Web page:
Science behind airline ticket pricing: Tips and tricks for the cheapest seat

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Do you know what day to buy tickets? When to buy? Here are some tips.

Ever feel like there's no rhyme or reason for the price of your airline ticket? Is there anything more infuriating than finding out the person sitting right next to you paid much less for their seat?

If pricing a flight feels like rocket science, it practically is. While you are sitting at your computer crunching numbers, airlines are monitoring flights, booking patterns and seat availability all in real time.

"They comes up with algebraic formula, a big algorithm that helps them determine that and then they try to get as much money as possible for each seat," said Billy Sanez, Vice President of Communications for the website FareCompare.com.

The idea is to pit availability against demand --and the travelers who need to fly no matter the price versus those of us who will buy only if the price is right. Fares are then adjusted accordingly.

"On one flight you could see sometimes up to 30 different fares and they're called fare buckets," said of the reason why different passengers may have paid vastly different prices for a ticket on the same flight.

When ABC13 tracked down fellow passengers on a last minute, round-trip flight to Dallas, our $362 ticket ended up in the middle of the pack, with some flyers paying less, while others paid more, even if they booked early.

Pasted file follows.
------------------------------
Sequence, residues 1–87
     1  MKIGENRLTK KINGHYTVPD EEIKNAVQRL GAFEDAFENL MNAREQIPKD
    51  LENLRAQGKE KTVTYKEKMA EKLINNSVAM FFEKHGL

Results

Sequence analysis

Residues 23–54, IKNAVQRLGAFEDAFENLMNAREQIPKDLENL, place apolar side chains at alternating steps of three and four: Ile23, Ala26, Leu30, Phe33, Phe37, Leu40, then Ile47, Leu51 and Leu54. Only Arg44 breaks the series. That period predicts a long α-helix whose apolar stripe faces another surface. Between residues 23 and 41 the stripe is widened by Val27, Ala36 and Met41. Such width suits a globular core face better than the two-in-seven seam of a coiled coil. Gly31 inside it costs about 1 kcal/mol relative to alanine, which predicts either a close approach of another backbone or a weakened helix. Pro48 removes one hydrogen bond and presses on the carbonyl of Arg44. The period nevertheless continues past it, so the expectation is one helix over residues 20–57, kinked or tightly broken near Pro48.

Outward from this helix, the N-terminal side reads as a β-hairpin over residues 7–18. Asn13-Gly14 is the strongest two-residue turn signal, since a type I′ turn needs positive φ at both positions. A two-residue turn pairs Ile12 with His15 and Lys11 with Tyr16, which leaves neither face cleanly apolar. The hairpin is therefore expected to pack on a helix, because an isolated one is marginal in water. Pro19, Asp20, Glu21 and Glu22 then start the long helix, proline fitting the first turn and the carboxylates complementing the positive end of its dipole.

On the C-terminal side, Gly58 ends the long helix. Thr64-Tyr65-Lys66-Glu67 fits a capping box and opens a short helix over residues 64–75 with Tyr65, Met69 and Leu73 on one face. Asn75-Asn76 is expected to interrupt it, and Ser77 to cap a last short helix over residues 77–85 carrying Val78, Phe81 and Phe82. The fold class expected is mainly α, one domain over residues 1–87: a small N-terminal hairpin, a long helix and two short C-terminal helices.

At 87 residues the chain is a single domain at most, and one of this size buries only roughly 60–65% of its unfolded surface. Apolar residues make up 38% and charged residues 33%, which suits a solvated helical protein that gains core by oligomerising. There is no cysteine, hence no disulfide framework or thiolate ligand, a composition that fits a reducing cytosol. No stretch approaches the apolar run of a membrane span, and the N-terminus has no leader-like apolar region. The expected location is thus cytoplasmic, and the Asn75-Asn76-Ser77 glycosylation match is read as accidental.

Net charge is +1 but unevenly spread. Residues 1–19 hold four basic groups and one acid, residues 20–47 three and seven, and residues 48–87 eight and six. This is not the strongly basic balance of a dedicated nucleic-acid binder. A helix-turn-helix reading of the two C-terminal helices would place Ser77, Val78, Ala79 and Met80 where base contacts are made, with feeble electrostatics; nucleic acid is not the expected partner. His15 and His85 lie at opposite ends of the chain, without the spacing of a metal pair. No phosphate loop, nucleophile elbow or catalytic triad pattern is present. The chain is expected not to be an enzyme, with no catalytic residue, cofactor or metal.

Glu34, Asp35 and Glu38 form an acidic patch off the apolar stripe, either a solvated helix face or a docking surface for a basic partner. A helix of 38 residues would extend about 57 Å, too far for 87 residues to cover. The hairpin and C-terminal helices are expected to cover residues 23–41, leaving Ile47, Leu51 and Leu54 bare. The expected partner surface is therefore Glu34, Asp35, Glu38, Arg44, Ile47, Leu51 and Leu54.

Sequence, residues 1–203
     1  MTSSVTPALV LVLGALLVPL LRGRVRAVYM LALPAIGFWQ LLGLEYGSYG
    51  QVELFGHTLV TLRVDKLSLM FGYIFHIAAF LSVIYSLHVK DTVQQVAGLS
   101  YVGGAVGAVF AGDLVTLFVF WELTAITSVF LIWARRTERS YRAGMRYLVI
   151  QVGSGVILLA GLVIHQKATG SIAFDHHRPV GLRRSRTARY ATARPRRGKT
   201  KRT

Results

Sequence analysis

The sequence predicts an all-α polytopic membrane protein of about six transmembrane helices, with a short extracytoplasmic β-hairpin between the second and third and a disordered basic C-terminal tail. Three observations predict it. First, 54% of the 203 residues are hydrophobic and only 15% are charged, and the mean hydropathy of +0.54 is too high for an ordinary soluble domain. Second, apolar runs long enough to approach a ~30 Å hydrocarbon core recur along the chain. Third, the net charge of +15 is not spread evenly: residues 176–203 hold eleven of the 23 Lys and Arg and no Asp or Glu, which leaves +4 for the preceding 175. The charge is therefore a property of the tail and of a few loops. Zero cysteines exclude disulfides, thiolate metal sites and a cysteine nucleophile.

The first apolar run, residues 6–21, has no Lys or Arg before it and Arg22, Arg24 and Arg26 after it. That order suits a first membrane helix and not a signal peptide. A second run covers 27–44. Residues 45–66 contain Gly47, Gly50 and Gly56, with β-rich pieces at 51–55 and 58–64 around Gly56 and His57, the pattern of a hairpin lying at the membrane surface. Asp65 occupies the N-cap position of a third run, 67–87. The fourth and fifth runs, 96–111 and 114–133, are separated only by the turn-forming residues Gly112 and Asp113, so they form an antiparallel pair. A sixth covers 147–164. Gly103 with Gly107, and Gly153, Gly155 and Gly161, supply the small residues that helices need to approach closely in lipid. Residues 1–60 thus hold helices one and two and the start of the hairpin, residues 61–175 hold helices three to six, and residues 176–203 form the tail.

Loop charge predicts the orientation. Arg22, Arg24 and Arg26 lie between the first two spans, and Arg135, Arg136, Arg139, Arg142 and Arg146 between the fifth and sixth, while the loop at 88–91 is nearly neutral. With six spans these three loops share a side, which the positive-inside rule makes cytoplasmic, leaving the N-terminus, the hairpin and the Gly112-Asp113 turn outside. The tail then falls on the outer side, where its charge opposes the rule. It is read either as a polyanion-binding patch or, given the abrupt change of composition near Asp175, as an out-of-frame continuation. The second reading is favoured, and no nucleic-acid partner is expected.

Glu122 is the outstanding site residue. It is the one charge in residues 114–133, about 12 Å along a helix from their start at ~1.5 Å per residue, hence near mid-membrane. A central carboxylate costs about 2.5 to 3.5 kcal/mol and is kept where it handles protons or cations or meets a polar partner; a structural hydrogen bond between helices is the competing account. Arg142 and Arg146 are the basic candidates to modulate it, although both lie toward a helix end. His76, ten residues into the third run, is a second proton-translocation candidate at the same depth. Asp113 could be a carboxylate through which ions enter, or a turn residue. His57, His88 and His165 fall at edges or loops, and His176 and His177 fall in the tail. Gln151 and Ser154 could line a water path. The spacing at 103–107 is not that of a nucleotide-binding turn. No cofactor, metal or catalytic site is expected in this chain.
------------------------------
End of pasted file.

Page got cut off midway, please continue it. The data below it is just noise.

Sanez says to get the cheapest ticket there are a few rules to follow:



-Purchase a ticket about 21 days before your trip, no earlier and no later in order to get the best price

-Shop all airlines, not just the so-called "cheap" carriers; sometimes a discount carrier will charge extra fees for expected conveniences, making some fares more expensive than those of traditional carriers
-Not all days are created equal; fly when business travelers aren't flying, on days like Tuesday, Thursday and Saturday -and at times when most people don't want to fly like early in the morning, late in the afternoon or at lunch time
-Fly on the morning of a holiday
-Book two, one-way flights instead of a round-trip ticket
-Set up a fare alert using a website like FareCompare.com to keep track of changes in price
-Flying internationally? Try using the website built for the airline's home country to get what they call "regional pricing" which can be cheaper, avoiding some taxes

If you are looking for a last-minute getaway this holiday season, Sanez says it will likely be cheaper to fly internationally than domestically the last few weeks of the year.

"So, if you have family in Europe or want to spend Christmas or New Years away from the family, Europe is a great destination and you can probably get down there for less than $600 round-trip if you plan it out right," said Sanez.

Yet, no matter where you're headed as the year comes to a close, there is some good news, "On average, fares are going to be about 21-percent less than they were last year," Sanez said.

With competition from both major domestic and international carriers along with discount airlines, Sanez says there are always plenty of deals flying in and out of Houston.

"There's always great opportunities to fly into Houston if you have family coming in to visit you, but also flying out --look at last minute fares especially from Southwest Airlines that are known to sometimes do very last minute fare sales," Sanez said.

The bottom line? "If you see a good fare, go ahead and buy it, especially for the holidays because it's going to go away the next person who see it and just puts their credit card down."
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